Service-learning in engineering education and heritage preservation

TitleService-learning in engineering education and heritage preservation
Publication TypeJournal Article
Year of Publication2011
AuthorsDewoolkar, MM, Porter, D, Hayden, NJ
Journal International Journal of Architectural Heritage Conservation, Analysis and Restoration
Date Published2011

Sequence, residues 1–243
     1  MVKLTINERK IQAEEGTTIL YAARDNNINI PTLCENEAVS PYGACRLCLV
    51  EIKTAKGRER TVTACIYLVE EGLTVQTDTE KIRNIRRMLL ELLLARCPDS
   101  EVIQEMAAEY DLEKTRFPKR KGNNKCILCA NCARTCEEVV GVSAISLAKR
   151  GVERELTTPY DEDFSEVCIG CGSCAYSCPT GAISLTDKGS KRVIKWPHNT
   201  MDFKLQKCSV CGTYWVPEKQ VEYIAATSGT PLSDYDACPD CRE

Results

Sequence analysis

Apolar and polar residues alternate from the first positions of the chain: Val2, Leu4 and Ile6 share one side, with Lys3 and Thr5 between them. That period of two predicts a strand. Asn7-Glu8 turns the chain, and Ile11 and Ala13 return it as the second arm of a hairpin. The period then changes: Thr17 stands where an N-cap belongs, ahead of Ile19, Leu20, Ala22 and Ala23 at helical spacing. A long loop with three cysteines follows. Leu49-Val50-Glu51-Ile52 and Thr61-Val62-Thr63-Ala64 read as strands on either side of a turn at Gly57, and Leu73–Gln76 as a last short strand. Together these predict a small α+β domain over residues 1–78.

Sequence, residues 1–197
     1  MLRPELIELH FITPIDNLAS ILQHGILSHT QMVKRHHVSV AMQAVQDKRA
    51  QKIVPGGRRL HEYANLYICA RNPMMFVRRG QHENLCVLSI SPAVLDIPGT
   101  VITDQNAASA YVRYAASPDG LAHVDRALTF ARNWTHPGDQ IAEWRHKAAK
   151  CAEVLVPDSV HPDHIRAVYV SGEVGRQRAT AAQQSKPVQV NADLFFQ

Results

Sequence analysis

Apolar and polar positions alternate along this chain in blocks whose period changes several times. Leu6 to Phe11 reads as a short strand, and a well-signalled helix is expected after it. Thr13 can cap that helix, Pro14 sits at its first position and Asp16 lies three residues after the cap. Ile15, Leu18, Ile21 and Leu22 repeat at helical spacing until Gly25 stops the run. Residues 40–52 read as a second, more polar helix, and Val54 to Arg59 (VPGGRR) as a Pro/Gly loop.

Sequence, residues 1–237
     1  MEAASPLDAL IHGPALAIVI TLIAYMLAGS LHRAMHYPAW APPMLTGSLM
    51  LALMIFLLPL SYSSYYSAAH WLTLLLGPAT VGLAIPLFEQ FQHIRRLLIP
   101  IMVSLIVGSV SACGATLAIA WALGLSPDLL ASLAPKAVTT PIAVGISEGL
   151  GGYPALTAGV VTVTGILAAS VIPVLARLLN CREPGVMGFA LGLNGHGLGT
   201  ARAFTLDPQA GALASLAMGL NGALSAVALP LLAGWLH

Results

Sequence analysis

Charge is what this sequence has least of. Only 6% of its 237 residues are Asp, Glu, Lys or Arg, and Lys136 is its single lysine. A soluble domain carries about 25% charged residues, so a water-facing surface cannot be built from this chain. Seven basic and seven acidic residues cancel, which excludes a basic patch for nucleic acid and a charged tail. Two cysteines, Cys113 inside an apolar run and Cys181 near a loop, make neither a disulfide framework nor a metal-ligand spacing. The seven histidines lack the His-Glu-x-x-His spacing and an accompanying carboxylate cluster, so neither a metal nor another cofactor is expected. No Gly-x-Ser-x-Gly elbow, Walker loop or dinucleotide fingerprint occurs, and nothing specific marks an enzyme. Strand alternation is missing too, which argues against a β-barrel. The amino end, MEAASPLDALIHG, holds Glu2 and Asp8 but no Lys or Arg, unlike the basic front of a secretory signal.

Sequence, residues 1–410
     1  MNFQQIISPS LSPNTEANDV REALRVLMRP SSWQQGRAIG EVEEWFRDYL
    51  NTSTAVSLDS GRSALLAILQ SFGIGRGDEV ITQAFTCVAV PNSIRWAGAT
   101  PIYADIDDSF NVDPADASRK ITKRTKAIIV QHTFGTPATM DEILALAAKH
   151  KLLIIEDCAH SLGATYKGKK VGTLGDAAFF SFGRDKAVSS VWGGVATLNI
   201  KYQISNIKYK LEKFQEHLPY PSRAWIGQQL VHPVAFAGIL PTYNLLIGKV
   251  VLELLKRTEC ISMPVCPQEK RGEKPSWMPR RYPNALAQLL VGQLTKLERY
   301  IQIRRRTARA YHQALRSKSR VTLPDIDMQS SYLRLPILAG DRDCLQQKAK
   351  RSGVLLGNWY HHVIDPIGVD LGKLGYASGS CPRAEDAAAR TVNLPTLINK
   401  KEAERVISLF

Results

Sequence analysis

Many communities and nonprofit organizations in the United States grapple with the reuse of publicly owned buildings and infrastructure from the 19th and early 20th centuries that have become landmarks in their communities. Often these communities or organizations do not have adequate resources (technical expertise, funding) for even preliminary engineering services. Engineering programs at universities can assist these communities by providing engineering expertise through service-learning (SL) projects, at the same time providing engineering students exposure to the field of heritage preservation and to important preservation engineering issues. This article presents SL case studies at the University of Vermont (UVM) as examples of this type of collaboration. Benefits, challenges, and SL assessment results are included. For the past 4 years, as part of a National Science Foundation Department Level Reform (NSF DLR) grant, civil and environmental engineering students at UVM have worked on multiple SL projects with local communities throughout their 4-year program. In many cases, these SL projects have involved historic structures. Although not an original emphasis of the DLR grant, heritage preservation is becoming a component of the UVM reform efforts, such that in 2010 this topic began to be formally included in both the first-year introductory engineering course and senior capstone design course. The SL approach was found to be effective in meeting education goals of the civil and environmental engineering programs and their accreditation requirements as well as providing meaningful service to the local communities caring for historic structures and sites. Both students and faculty gained exposure to and understanding of preservation engineering topics, as well as networking with the heritage preservation community in Vermont and elsewhere. Incorporating heritage preservation issues into engineering programs through SL projects may prove beneficial at other institutions.

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